Fig. 2
figure 2

Application of micro-environment factors on Oncomelania hupensis

Micro-environmental factors with snail habitats prediction potentials

Micro-environmental factors with curve relationship to O. hupensis survival

Factors like water level, pH value, soil temperature and humidity, vegetation coverage and height have a curve relationship with the survival of O. hupensis. There were suitable ranges of the factor indicators, beyond or below which was not conducive to O. hupensis. Water level is an important factor affecting O. hupensis, which has been widely studied. After the operation of the Three Gorges Dam on Yangtze River in China, the flooding time was shortened and the water level was lowered relatively, which was not conducive to the survival of O. hupensis [12, 13]. Field and experimental studies showed that flooding time influenced the number of eggs laid and the development of eggs, especially in spring when the water flooded ahead of time was not conducive to the reproduction of O. hupensis [14]. The change of water level also affected the distribution height of the snail, which rose accordingly when the water level increased [15]. The change of water level also changed flow velocity of which affected the diffusion of O. hupensis [14]. However, after exploring the relationship between them in a long period, they found that there was not a simple linear relationship, but quadratic or cubic functions and more complex curve relations (with the change of these factors, there might be more than one range which was beneficial to O. hupensis) [16]. Soil temperature, humidity and vegetation height, coverage also affected O. hupensis. Generalized additive models was often used to analyze the relationship between O. hupensis density and various micro-environmental factors, and found that soil temperature and humidity content had U-shaped curve or more complex relationship with snail density [4, 11].

Suitable ranges of micro-environmental factors for O. hupensis survival

Many researches also believed that there was a suitable range of vegetation height and coverage, which was conducive to the survival of O. hupensis. The range of flooding time, pH, soil temperature and humidity suitable for snail survival was 2–7 months, 5.5–7.9, 15–30 °C, and 20–80%, respectively [4, 11, 17,18,19,20,21,22,23,24,25]; vegetation coverage and height in weed community was 35–90%, 15–47 cm, Carex spp. and Triarrhena community (35–95%, 20–33 cm), single Carex spp. community (16–32%), single Triarrhena lutarioriparia community (80–157 cm), Phragmites communis community (1–100%, 72–78 cm), other herb communities (80–100%, 16–50 cm) [19, 22, 26, 27]. Only one article with the subspecies O. h. quadrasi was included in our study. The detailed references were also listed in Table 2.

Table 2 Suitable range of micro-environmental factors for Oncomelania hupensis survival and reproduction

Precise predictive potential of O. hupensis distribution using micro-environmental factors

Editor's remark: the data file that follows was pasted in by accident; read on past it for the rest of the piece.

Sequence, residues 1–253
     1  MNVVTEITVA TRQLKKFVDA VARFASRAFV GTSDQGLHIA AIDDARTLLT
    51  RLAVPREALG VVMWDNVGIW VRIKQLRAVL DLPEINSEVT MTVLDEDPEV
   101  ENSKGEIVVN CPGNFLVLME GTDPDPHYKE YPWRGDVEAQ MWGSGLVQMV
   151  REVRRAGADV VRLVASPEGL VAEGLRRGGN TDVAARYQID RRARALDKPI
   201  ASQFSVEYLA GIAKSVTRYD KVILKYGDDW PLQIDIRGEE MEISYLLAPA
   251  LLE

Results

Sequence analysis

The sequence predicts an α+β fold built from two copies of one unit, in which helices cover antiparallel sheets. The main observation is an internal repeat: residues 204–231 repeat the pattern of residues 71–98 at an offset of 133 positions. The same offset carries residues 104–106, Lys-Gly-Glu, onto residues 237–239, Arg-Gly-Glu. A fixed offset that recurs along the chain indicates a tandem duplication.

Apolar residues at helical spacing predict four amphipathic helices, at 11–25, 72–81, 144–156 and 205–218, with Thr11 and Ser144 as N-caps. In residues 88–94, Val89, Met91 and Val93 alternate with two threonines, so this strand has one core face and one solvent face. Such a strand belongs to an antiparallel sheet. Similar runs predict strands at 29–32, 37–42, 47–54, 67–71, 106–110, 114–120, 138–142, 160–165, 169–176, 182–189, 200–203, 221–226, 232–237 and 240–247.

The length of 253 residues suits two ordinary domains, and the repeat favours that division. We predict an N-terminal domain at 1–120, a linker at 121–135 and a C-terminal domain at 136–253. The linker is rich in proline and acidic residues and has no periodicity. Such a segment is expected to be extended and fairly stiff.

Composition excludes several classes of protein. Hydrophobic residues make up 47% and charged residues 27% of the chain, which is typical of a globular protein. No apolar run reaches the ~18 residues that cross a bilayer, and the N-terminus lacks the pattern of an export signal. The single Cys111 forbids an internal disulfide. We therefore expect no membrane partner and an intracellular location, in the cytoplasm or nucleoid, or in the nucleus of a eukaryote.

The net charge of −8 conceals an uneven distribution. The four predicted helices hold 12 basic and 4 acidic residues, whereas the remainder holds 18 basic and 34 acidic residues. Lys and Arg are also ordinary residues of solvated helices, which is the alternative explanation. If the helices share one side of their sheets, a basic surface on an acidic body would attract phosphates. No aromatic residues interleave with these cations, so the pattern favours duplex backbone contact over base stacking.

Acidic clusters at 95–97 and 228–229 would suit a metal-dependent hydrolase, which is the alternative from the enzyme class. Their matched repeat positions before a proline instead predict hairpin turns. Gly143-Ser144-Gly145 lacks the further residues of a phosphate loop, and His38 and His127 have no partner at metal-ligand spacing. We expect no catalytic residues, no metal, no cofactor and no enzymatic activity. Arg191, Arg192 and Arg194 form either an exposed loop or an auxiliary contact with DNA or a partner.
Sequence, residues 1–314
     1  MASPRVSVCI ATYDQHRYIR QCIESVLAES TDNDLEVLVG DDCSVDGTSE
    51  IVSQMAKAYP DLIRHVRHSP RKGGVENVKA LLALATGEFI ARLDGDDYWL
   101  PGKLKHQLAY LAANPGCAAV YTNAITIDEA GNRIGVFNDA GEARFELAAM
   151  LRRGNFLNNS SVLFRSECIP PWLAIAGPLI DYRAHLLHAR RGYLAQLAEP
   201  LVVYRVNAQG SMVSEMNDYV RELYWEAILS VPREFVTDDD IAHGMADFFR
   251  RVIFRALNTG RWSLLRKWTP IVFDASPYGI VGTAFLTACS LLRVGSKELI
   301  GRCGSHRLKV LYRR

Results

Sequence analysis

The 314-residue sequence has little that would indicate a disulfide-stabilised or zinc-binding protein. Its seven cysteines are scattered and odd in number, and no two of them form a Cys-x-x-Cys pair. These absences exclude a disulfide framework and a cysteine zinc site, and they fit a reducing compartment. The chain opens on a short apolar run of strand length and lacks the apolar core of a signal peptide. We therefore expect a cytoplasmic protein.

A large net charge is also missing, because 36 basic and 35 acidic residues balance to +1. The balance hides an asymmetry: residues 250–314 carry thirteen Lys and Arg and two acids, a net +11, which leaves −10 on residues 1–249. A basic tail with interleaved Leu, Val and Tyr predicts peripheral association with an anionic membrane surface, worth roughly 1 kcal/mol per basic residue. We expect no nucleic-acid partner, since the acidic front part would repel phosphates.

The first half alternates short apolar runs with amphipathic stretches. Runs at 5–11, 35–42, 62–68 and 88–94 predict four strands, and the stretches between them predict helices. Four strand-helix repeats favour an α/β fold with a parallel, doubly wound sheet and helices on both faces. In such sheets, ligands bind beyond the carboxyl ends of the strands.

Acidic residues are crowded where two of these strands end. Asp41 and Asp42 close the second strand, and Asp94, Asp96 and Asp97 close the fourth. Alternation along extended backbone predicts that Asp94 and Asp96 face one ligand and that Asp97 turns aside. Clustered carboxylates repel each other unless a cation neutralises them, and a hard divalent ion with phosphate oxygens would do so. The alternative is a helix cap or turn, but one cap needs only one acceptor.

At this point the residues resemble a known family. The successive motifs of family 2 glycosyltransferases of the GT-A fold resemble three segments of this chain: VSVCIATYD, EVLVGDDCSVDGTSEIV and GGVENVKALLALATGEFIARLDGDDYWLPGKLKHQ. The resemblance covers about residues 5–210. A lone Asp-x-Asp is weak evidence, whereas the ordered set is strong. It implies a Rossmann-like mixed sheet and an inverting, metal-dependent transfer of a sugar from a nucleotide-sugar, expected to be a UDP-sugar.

Exploring the most suitable range for the survival of O. hupensis in different regions can be targeted to formulate measures to control snails, and it can also provide basic data for accurate prediction of the distribution of O. hupensis. In recent years, geographic information system (GIS) and remote sensing (RS) have been widely used in snail prediction. Using suitable growth conditions of O. hupensis, environmental factors were integrated into the prediction model to predict the potential habitats [28]. After combination with the intensity of different environmental factors, the region was divided into different risk levels [5]. Therefore, accurately identified environmental variables and appropriate range can help improve the accuracy of the prediction model and achieve the purpose of snail control.

Micro-environmental factors with snail control potentials

Among all identified factors, snail control and schistosomiasis prevention forest, plant extracts, microorganisms, predators have been shown to have a negative impact on the snails. Micro-environmental factors that negatively affect O. hupensis can be used in schistosomiasis prevention and O. hupensis control.

Plant extracts and microorganisms—potential molluscicides

Some plant extracts were found to have molluscicidal effects on O. hupensis. These extracts were phytochemicals or metabolites extracted from plants (Table 3). A total of 18 plant extracts were discovered, all of which had a damaging effect on the snail tissue in laboratory settings, mainly affect enzyme activity, interfere with energy metabolism, produce liver toxicity, and reduce the content of glycogen and protein [29,30,31,32,33,34,35,36,37,38,39,40,41,42,43,44,45,46]. The plant molluscicides were derived from extracts of flowers, fruits, roots, stems, and leaves of plants, and had the advantages of high efficiency, low toxicity, and easy degradation [47]. At present, researches on plant molluscicides are mostly focused on the screening and laboratory research of plants that can produce molluscicidal active substances. A plant molluscicide extracted from the seeds of Camellia oleifera, Luo-Wei, was developed in 2007. It had a good molluscicidal effect, but 4% Luo-Wei is moderately toxic to Japanese quail and shrimp, and highly toxic to zebra fish [48].